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Advanced Space Propulsion Concepts for Interstellar Travel
February 25, 2016 @ 5:30 pm - 9:00 pmFree
Date: Thursday, February 25, 2016
Location: Mamacita’s Mexican Restaurant and Cantina
515 E. NASA Pkwy
Webster, Texas 77598
- 5:30 P.M: Social
- 6:00 P.M: Dr. Jayant Ramakrishnan: AIAA Proposed Governance Changes
- 6:30 P.M: Greg Meholic: Advanced Space Propulsion Concepts for Interstellar Travel
- 7:45 P.M: Q&A
Attendance is FREE! Attendees purchase their own food & drinks.
Please RSVP on the Eventbrite page or below, so that we may get an accurate count.
Mr. Meholic’s presentation begins by examining just a few of the compelling reasons why humans should explore the heavens beyond the bounds of the solar system. Certain terms and issues are defined to clarify the requirements of such daunting journeys. The talk then centers around the key technology required to make such missions possible—propulsion. To start with, a brief discussion is given on the state of the art of in-space chemical propulsion systems to develop a foundation of where engine technology is today. The talk then takes an evolutionary approach by exploring some of the more advanced engine systems intended for long-range solar system exploration, such as nuclear engines, antimatter engines and interstellar ramjets, which define the capability limits of chemical propulsion.
After comparing the predicted performance of these advanced concepts to the requirements for interstellar journeys, the focus will then shift to describe a new paradigm of “propellantless” propulsion schemes that have their basis in modern theoretical physics and cosmology. If found attainable, concepts such as space-time manipulation, faster-than-light travel, wormholes, quantum drives, and so on, may provide the only viable propulsion options to enable reasonable trip times to distant stars. To show that these ideas are not merely the dreams of science-fiction, brief descriptions will be given on the latest, global, experimental efforts to explore the fundamentals behind some of these intriguing concepts. The talk will end with some inspiring conclusions and hopefully instill the belief that mankind will someday move beyond the bounds of our solar neighborhood.
Mr. Meholic currently works as a senior project engineer for The Aerospace Corporation supporting space launch vehicle concept development and advanced propulsion system technology for the U.S. Government. Prior to his current position, he supported upper-stage cryogenic rocket engine launch activities, performance reviews, and hardware design assessments for most of the U.S. space launch systems, contributing to over four dozen successful missions. His work also included defining launch vehicle operational requirements, launch systems and designs, and leading numerous project teams for both NASA and DARPA-funded studies regarding the capabilities and testing of advanced engines.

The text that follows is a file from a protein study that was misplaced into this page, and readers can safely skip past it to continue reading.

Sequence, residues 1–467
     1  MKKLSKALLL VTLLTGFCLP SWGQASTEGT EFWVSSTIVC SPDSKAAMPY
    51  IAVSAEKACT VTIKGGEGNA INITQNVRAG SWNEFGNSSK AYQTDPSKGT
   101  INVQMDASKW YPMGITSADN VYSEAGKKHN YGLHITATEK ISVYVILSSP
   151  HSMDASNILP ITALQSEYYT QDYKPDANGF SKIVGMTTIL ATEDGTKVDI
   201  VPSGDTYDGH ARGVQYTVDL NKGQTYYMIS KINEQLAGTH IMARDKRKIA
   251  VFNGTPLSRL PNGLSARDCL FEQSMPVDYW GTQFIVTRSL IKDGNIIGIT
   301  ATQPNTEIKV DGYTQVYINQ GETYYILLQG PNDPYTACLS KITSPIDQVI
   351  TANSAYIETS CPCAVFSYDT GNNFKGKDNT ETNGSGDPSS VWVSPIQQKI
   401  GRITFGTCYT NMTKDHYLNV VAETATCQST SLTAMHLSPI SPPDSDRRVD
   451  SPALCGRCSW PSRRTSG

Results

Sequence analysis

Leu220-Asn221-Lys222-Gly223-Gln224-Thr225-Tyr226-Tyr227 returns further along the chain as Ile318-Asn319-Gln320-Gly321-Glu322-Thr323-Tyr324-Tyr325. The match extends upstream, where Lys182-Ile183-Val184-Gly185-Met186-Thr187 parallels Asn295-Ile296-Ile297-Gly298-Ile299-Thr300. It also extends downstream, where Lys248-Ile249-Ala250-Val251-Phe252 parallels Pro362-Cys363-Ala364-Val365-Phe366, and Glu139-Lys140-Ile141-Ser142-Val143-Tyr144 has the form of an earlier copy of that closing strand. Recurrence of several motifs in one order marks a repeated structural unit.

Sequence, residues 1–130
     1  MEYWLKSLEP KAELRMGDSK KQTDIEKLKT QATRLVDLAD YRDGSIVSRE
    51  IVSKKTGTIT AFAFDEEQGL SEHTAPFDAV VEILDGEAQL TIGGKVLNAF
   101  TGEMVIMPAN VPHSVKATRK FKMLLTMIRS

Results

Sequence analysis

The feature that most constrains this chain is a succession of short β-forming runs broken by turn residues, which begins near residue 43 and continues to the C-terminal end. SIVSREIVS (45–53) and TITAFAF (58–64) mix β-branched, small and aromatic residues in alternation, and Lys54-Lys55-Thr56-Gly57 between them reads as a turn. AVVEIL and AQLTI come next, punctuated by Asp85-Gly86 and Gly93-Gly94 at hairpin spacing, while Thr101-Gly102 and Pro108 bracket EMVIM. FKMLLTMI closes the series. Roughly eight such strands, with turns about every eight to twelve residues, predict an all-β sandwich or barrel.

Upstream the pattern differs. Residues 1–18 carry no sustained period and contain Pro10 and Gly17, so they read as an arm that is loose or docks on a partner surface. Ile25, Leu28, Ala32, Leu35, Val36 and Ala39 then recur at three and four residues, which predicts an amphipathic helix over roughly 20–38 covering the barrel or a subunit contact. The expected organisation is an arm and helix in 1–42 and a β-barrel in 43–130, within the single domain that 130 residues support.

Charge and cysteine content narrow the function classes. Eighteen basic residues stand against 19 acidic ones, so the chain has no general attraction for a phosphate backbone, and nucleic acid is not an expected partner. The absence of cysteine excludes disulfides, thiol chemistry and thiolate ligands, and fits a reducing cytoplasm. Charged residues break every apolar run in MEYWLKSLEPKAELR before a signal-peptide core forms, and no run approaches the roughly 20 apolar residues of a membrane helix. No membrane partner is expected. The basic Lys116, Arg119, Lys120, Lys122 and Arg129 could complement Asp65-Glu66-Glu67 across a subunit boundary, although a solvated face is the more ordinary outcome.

Greg graduated in 1995, earning both his bachelors and masters degrees in aerospace engineering from Embry-Riddle Aeronautical University. His first professional position was at General Electric Aircraft Engines where he worked in gas turbine performance and preliminary design, component life analysis, mechanical design and advanced concept development. His work in pulse detonation engine (PDE) technology allowed him to obtain four patents on PDE valve concepts and applications. He also gained extensive experience with engine servicing, component production and testing. While at GEAE, Greg also began teaching within the company and eventually developed several classes for new employees on product familiarization. That interest has continued and he now is an adjunct professor at Loyola-Marymount University teaching a course in Propulsion Systems for aircraft and spacecraft.
Although Greg focused his graduate studies on propulsion systems and aerodynamics, he has always been fascinated by the possibility of faster-than-light (FTL) space travel. Ever since his early college days, he has developed many theories of his own that have evolved into a unique model of space-time and the universe bordering on a grand unified theory. Out of these ideas came a new proposal for the definition of gravity and inertia, possible applications of string theory, a suggested source of dark matter and the Trans-Space method of FTL travel, which is different from the traditional “warp drive” that has garnered public familiarity and science-fiction fame. Since 1998, he has published several papers on his work and has delivered many award-winning presentations on his ideas at technical conferences.
Greg is an Associate Technical Fellow of American Institute of Aeronautics and Astronautics (AIAA) and has been a member of the AIAA Nuclear and Future Flight Propulsion Technical Committee for over ten years. He is the session organizer for that committee for the AIAA-sponsored Propulsion and Energy Forums and also chairs related sessions at other technical venues. He has been interviewed on several internet-based technology shows as well as by the famed physicist Dr. Michio Kaku on advanced space propulsion concepts.
Greg is an instrument-rated private pilot and has flown all over the country in his Cessna 172. He and his wife are extremely active with their toddler son and can be found roller-blading, bicycling or hiking in the Los Angeles area.